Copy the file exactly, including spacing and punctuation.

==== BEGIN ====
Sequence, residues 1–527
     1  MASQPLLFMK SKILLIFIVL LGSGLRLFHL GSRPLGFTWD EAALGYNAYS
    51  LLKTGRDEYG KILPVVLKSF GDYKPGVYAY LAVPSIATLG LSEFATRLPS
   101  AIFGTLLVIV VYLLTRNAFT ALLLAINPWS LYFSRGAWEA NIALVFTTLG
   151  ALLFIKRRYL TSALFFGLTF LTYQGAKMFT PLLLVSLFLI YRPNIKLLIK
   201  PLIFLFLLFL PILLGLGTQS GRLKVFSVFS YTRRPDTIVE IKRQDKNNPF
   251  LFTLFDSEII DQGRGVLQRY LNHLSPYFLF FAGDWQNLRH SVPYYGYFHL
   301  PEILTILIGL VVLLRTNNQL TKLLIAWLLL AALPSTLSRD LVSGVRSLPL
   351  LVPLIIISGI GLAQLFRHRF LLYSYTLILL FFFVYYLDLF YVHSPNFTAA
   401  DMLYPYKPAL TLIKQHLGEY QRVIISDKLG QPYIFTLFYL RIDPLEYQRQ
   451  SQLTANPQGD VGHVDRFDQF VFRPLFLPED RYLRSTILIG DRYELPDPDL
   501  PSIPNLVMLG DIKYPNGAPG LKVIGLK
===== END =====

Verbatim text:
Sequence, residues 1–527
     1  MASQPLLFMK SKILLIFIVL LGSGLRLFHL GSRPLGFTWD EAALGYNAYS
    51  LLKTGRDEYG KILPVVLKSF GDYKPGVYAY LAVPSIATLG LSEFATRLPS
   101  AIFGTLLVIV VYLLTRNAFT ALLLAINPWS LYFSRGAWEA NIALVFTTLG
   151  ALLFIKRRYL TSALFFGLTF LTYQGAKMFT PLLLVSLFLI YRPNIKLLIK
   201  PLIFLFLLFL PILLGLGTQS GRLKVFSVFS YTRRPDTIVE IKRQDKNNPF
   251  LFTLFDSEII DQGRGVLQRY LNHLSPYFLF FAGDWQNLRH SVPYYGYFHL
   301  PEILTILIGL VVLLRTNNQL TKLLIAWLLL AALPSTLSRD LVSGVRSLPL
   351  LVPLIIISGI GLAQLFRHRF LLYSYTLILL FFFVYYLDLF YVHSPNFTAA
   401  DMLYPYKPAL TLIKQHLGEY QRVIISDKLG QPYIFTLFYL RIDPLEYQRQ
   451  SQLTANPQGD VGHVDRFDQF VFRPLFLPED RYLRSTILIG DRYELPDPDL
   501  PSIPNLVMLG DIKYPNGAPG LKVIGLK